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Fw: NUFOIA: Blast Traveled 9 Billion Light Years Astronomers Caught It OnCamera

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  • Jeroen Kumeling
    ... From: Ndunlks@aol.com To: undisclosed-recipients:; Subject: NUFOIA: Blast Traveled 9 Billion Light Years Astronomers Caught It OnCamera Date: vrijdag, 2.
    Message 1 of 1 , Apr 2, 1999
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      From: Ndunlks@...
      To: undisclosed-recipients:;
      Subject: NUFOIA: Blast Traveled 9 Billion Light Years Astronomers Caught
      It OnCamera
      Date: vrijdag, 2. april 1999 8:10

      An Almost-As-Big Bang

      Gamma-Ray Burst Biggest Explosion Ever Seen
      Blast Traveled 9 Billion Light Years
      Astronomers Caught It On Camera

      WASHINGTON

      AP
      Gamma-ray burst, artist's rendering

      CBS A recent gamma-ray burst was the biggest explosion ever seen, second
      only to the "big bang" that gave birth to the universe, astronomers said
      Thursday.

      The burst of energy, caught on camera with the help of a complex link of
      satellites, telescopes and e-mail, came from the far reaches of the
      universe,
      sending light, X-rays and radio waves two-thirds of the way across the
      universe.

      It looked so intense because it came as a beam of energy, rather than in an

      explosion in all directions, the international team of astronomers said in
      a
      series of reports.

      The explosion-probably caused by the birth of a black hole, or by the
      collision of two massive stars known as neutron stars-was so enormously
      powerful that it projected its energy across nine billion years worth of
      time
      and space.

      Gamma ray bursts have long mystified astronomers. First seen by accident in

      the late 1960s by U.S. scientists looking for Soviet nuclear weapons tests
      in
      space, they come without warning. Only the fading afterglow could be
      detected
      in the past.

      But thanks to a system set up by NASA and European scientists, on the
      morning
      of January 23 orbiting detectors caught the burst. Within seconds a
      computer
      was signaled that in turn woke up an observatory in New Mexico and caught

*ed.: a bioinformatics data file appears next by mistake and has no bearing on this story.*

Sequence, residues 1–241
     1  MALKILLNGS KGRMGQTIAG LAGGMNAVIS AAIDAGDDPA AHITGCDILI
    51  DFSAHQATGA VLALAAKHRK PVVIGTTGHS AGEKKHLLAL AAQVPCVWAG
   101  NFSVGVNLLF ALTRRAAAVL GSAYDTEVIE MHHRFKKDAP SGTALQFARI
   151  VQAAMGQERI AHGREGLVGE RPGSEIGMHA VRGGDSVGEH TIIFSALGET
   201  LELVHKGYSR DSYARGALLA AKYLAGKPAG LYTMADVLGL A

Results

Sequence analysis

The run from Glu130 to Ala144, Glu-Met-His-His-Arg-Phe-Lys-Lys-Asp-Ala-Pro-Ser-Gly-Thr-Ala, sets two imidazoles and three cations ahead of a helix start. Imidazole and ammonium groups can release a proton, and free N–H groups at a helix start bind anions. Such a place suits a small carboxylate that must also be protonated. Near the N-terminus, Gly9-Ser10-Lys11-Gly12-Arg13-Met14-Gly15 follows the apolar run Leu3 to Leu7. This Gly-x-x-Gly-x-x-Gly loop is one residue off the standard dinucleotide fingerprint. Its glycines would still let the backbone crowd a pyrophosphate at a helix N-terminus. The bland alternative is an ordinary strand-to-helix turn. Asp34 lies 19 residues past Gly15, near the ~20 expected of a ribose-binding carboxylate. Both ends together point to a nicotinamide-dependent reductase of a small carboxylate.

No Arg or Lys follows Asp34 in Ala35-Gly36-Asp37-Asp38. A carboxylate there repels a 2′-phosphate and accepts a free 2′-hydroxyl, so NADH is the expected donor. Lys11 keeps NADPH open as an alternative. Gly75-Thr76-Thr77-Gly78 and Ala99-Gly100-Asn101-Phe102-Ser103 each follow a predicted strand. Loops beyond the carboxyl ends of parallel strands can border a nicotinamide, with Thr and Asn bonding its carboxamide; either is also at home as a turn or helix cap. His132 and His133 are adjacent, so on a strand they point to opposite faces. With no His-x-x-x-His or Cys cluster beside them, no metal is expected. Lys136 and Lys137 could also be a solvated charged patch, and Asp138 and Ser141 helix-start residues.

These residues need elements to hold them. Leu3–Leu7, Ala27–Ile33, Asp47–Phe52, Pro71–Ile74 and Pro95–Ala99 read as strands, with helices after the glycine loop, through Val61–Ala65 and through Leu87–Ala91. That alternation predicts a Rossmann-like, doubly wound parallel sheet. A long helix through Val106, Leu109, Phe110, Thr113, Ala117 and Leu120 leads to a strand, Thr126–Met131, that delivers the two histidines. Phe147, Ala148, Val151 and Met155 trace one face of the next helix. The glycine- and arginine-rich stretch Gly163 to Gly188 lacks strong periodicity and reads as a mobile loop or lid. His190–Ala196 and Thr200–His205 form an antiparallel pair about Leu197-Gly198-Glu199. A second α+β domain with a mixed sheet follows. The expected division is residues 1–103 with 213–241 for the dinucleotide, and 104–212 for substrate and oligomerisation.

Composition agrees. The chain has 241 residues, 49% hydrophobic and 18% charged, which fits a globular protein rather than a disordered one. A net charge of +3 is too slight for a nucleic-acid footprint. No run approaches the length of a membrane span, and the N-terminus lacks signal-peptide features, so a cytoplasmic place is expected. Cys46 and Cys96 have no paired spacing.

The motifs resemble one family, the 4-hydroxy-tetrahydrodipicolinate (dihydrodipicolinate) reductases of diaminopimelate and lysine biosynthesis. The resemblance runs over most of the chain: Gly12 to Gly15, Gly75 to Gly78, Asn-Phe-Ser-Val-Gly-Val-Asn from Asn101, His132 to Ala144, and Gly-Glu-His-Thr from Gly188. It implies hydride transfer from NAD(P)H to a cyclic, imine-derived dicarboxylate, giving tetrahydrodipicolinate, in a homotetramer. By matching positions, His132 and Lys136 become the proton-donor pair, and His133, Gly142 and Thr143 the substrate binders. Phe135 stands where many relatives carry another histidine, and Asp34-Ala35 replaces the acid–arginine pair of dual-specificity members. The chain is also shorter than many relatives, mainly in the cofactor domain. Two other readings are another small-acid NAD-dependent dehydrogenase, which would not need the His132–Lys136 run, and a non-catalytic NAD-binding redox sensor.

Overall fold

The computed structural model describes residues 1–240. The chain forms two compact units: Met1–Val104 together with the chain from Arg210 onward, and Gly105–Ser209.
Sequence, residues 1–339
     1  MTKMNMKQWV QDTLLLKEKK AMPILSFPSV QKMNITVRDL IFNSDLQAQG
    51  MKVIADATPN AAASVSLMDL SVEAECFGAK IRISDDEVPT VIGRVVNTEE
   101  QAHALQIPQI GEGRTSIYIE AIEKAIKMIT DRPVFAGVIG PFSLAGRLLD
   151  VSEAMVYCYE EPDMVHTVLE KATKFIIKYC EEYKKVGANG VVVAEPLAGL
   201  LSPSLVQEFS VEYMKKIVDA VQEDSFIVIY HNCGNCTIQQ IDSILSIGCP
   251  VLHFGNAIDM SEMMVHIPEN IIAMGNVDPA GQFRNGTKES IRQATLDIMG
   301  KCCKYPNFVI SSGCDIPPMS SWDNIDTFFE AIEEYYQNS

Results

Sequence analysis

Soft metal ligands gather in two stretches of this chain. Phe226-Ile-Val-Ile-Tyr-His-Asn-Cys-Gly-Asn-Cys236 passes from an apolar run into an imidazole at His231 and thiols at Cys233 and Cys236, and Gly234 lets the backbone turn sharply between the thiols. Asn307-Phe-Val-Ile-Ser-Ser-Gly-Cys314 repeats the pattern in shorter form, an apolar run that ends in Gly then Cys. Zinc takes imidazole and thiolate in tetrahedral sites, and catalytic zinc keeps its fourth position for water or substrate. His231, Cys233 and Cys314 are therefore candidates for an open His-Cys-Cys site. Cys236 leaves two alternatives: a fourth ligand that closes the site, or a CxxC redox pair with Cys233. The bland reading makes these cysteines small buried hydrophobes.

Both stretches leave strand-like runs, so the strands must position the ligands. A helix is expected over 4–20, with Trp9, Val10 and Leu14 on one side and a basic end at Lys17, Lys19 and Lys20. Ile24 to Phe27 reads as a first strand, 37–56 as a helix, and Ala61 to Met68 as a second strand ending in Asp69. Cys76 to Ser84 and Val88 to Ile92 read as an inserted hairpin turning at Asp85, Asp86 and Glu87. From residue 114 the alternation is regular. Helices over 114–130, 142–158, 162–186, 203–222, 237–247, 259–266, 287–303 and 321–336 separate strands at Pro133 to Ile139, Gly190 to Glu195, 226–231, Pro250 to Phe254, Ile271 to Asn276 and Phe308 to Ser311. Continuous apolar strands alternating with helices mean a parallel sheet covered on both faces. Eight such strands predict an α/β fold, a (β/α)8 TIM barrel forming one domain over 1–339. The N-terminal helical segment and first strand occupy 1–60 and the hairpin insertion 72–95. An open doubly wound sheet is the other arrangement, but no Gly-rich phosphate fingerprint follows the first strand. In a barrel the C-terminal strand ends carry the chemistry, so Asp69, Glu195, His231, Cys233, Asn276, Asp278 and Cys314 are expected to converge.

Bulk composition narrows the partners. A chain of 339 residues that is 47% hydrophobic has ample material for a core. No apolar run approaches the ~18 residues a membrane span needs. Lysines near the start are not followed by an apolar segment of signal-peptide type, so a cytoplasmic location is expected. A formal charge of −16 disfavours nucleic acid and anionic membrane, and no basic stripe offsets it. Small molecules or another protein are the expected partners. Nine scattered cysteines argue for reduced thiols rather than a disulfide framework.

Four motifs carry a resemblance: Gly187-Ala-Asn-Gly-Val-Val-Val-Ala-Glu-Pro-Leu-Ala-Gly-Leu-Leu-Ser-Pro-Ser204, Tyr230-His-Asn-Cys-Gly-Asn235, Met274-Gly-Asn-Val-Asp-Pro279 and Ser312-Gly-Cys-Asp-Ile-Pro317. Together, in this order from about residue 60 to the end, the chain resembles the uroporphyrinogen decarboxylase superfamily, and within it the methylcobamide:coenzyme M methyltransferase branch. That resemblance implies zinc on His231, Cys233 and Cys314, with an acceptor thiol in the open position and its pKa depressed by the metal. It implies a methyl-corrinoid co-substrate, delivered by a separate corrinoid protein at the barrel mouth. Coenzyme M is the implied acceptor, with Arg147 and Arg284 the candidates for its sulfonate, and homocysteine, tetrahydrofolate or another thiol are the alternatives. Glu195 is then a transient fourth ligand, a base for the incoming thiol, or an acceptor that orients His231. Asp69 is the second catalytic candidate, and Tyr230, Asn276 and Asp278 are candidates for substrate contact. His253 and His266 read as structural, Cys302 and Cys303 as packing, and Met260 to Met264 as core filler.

the
      explosion on film.

      "It's like the difference between watching two cars collide and coming on
      the
      accident scene several hours later," said physics professor Carl Akerlof of

      the University of Michigan.

      What they saw was extraordinarily bright. "If you had been gazing at that
      spot with binoculars, you would have seen a 'star' appear, brighten, and
      fade
      within minutes, an unbelievably violent event from the very edge of our
      universe," said Galen Gisler, an astrophysicist at Los Alamos National
      Laboratory in New Mexico.

      In a series of papers published in the journals Nature and Science, the
      teams
      of scientists described what they saw.

      Shrinivas Kulkarni, an astronomer at the California Institute of
      Technology,
      and colleagues looked at the "redshift" of the star-which tells how much
      the
      light has faded and changed as it traveled trillions of miles to reach the
      Earth.

      The redshift is 1.6, which means the burst was very far away and thus
      extremely powerful.

      "It is 70 percent of the age of the universe," Kulkarni said. "So if you
      think the universe is 12 billion years old, this is about nine billion
      years
      old."

      That also makes it nine billion light years away-a light year being equal
      to
      the distance light travels in one year at a speed of 189,000 miles a
      second,
      or a total of about 5.9 trillion miles. This shocked astronomers.

      "The object would be so bright that for the 100 seconds it was on, it
      outshone the whole universe, which to me is an amazing concept," Kulkarni
      said.

      "We were stunned," Caltech's George Djorgovski added in a statement. "This
      was much further than we expected."
      Copyright 1999 Reuters Limited. All Rights Reserved.


      � 1999, CBS Worldwide Inc., All Rights Reserved.


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